Lake owners at odds over drawdown [UPDATED]Published 10:44am Friday, April 8, 2011 Updated 10:44am Friday, April 8, 2011
When Long Lake reaches a certain level, the county highway department opens a 15-inch pipe that connects Jewett Lake and Long Lake. Water flows northward from Jewett into Long. When the water level on Long Lake rises above a certain level, the pipe is closed.
The Jewett Lake Association is seeking a conditional use permit (CUP) for modification of terms and conditions of the current policy. The association is seeking an increase in operating time of the pipe and flow to relieve what it terms “excessive flooding of Jewett Lake.”
This issue will be discussed during the next Otter Tail County Planning Commission meeting at 6:30 p.m. Wednesday, at the Government Services Center in Fergus Falls.
Long Lake and Jewett Lake are located about 10 miles north of Fergus Falls. The pipe between the two lakes was installed in the fall of 1999.
“The level that it is shut off is just below our OHWL (Ordinary High Water Level),” said Kirby Anderson, a member of the Long Lake Association.
Long Lake has a natural water release. Water goes through a small creek, flows to Reed Lake and eventually enters the Pelican River. Jewett Lake has no natural outlets. The pipe has been used periodically since it was installed.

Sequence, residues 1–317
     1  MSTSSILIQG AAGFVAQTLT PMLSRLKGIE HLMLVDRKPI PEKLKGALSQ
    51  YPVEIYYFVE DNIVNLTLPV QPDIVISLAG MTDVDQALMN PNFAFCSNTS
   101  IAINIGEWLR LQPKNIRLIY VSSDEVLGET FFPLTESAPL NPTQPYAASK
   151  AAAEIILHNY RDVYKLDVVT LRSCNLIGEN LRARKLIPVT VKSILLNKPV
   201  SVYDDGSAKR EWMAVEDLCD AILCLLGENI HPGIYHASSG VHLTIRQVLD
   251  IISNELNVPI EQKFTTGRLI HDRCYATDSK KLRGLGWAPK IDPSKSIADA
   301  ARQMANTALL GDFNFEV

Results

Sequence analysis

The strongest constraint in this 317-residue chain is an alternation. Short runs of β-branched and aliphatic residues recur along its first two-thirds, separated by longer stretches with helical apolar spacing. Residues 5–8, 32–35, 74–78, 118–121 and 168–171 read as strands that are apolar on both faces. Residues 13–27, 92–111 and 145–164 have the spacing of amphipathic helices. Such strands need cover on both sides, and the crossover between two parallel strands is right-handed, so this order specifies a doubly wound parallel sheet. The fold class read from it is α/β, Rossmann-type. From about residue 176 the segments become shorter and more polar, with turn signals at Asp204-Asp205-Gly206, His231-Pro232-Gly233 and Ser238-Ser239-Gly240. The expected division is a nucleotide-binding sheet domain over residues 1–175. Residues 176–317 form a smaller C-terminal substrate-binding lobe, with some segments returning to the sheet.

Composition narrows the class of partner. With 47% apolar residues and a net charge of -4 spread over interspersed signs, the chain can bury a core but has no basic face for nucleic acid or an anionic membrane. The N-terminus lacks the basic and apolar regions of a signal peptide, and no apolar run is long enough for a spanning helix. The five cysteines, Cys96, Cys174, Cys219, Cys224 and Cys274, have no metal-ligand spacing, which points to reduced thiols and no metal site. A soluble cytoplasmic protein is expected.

In prior years, some members of the Jewett Lake Association have lobbied for the pipe to remain open 100-percent of the time in light of ongoing high water problems. They maintain that continual operation of the pipe would not adversely affect the water level of Long Lake. For that reason, through the CUP, Jewett lake members seek to have the pipe stay open all the time.
However, Long Lake property owners disagree.
While saying that they sympathize with many lakeshore owners at Jewett Lake, those who live at Long Lake emphasize that their lake has also reached record levels in recent years. Even though water flows from Long Lake into the Pelican River, property owners at Long Lake say this flow is not fast enough and does not prevent water from rising at Long Lake.
The original agreement dates back to 1999, between the Jewett Lake Association and Otter Tail County. At that time there was no association at Long Lake. Input also came from the county highway department, Minnesota Department of Natural Resources (DNR) and the county’s shoreland management department.
Property owners at Long Lake believe that the agreement between both lake associations, and the designation of a party to periodically check lake levels and open or close the 15-inch pipe accordingly, has been a good policy. They also note benefits to all property owners at both lakes over the years.
However, members of the Jewett Lake Association say the policy with opening and closing the pipe needs to be revisited. Lake property owners at Jewett Lake paid for the cost of the pipe that connects the two lakes, approximately $60,000.